In their work “Susceptible and Prognostic Genetic Factors Associated with Diabetic Peripheral Neuropathy: A Comprehensive Literature Review,” L. B. L. Prabodha et al. have reviewed the role of the genetic component (susceptibility and prognostic factors, mutations, and polymorphisms) in the development of peripheral neuropathy in type 2 DM. Identification of common genetic variants along with additional gene expression studies may enable future gene-targeted therapies, and this is eagerly awaited.
T. Didangelos et al. in their paper “A Comparative Assessment of Cardiovascular Autonomic Reflex Testing and Cardiac 123I-Metaiodobenzylguanidine Imaging in Patients with Type 1 Diabetes Mellitus without Complications or Cardiovascular Risk Factors” compared the diagnostic performance of cardiovascular autonomic reflex tests with that of sympathetic innervation heart imaging with 123I metaiodobenzylguanidine for cardiac autonomic neuropathy in type 1 DM. The former yielded high sensitivity but low specificity, as compared with the latter, and it also depended on the duration of type 1 DM.
L. Yazdanpanah et al. in their paper “Incidence and Risk Factors of Diabetic Foot Ulcer: A Population-Based Diabetic Foot Cohort (ADFC Study)—Two-Year Follow-Up Study” found a 2.8% average annual incidence of diabetic foot ulcers in Iran. Risk factors of ulcers were prior ulcer/amputation, insulin therapy, male gender, neuropathy, and foot deformity.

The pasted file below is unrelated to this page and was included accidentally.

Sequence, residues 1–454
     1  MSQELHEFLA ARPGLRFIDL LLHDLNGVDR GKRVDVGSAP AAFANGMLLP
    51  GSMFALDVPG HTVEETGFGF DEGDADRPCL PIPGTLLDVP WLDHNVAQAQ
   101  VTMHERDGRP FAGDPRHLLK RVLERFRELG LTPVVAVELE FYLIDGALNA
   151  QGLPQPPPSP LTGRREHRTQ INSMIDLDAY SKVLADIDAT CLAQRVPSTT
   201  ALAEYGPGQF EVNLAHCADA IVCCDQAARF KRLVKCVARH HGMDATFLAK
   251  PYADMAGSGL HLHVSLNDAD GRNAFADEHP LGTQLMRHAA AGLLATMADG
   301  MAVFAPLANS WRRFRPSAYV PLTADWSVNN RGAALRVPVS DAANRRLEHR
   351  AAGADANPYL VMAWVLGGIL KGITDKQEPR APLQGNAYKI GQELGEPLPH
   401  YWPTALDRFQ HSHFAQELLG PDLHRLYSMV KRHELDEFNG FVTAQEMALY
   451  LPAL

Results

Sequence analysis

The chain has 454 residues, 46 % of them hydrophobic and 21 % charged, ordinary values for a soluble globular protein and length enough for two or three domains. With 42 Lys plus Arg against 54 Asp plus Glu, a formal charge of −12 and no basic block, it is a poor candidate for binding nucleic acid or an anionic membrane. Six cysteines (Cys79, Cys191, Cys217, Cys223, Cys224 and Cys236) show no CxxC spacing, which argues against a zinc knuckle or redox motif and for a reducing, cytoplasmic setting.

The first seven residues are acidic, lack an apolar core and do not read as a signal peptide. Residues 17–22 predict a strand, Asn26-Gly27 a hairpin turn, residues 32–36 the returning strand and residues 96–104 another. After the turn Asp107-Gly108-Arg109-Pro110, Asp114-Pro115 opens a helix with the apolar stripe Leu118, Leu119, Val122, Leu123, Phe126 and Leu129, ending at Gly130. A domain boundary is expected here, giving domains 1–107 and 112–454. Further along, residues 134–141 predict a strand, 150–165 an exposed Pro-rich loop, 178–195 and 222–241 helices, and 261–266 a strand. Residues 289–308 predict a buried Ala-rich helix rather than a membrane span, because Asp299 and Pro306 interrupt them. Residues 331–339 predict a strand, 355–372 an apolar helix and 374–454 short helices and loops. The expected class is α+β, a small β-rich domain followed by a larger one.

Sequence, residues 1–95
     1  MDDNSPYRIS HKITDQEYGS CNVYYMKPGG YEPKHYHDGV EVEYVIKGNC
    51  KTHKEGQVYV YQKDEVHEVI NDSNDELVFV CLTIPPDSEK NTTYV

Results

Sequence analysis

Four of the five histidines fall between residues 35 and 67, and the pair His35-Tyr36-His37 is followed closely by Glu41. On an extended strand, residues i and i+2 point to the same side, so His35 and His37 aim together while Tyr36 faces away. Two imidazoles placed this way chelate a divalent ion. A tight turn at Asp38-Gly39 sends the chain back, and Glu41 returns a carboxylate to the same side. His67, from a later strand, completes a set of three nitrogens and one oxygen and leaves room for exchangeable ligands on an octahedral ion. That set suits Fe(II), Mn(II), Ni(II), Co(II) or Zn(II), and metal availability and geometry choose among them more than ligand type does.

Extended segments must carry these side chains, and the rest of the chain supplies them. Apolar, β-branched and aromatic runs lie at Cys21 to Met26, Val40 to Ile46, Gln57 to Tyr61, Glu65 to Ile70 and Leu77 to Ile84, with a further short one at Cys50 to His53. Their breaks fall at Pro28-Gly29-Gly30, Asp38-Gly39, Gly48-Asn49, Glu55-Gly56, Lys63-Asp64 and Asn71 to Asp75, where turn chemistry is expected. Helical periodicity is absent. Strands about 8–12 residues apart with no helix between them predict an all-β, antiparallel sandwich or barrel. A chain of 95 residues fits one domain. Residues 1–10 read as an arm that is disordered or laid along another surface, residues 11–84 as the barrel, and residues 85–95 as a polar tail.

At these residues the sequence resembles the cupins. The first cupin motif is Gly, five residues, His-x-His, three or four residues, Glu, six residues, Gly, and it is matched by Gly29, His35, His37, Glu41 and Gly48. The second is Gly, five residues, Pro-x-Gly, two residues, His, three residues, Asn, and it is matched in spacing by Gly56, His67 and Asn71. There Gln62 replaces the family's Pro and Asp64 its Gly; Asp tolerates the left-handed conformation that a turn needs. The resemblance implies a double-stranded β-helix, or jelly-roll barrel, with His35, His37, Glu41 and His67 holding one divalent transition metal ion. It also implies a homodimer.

A. Gatt et al. in their work entitled “Establishing Differences in Thermographic Patterns between the Various Complications in Diabetic Foot Disease” evaluated the utility of thermography in the identification of foot temperature patterns in patients with DM. Foot temperature was significantly higher in the presence of diabetic complications. Intriguingly, higher temperature was associated with increased likelihood of neuropathy and/or peripheral arterial disease. These results add to the accumulating data on the importance of temperature measurements in the diabetic foot .
In their article “Oxidative Stress, Apoptosis, and Mitochondrial Function in Diabetic Nephropathy,” S. Sifuentes-Franco et al. reviewed the current views on the pathogenesis of diabetic nephropathy. Chronic hyperglycaemia, oxidative stress, apoptosis, and mitochondrial dysfunction are key underlying factors. Improved insight into the precise role and the interplay of these factors is expected to offer more efficacious treatment options.
J. Labad et al. in their article “Limited Joint Mobility Progression in Type 1 Diabetes: A 15-Year Follow-Up Study” demonstrated significant reductions in the flexions of the 5th metacarpal and wrist joints at 15 years after the initial examination in patients with type 1 DM. This deterioration was more pronounced among patients with microalbuminuria.
Finally, M. J. Crespo et al. in their paper “Synergistic Effects of Dantrolene and Nimodipine on the Phenylephrine-Induced Contraction and ACh-Induced Relaxation in Aortic Rings from Diabetic Rats” examined streptozotocin-induced diabetic rats. They showed beneficial effects of dantrolene and nimodipine combination in decreasing arterial tone of their aortic rings.
There are abundant and useful new data from the research of diabetic microvascular complications. This ongoing research will enrich our understanding in the area and eventually contribute to improved therapeutic modalities in the near future .
R. D. Leslie
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Copyright © 2018 I. Migdalis et al. This is an open access article distributed under the Creative Commons Attribution License, which permits unrestricted use, distribution, and reproduction in any medium, provided the original work is properly cited.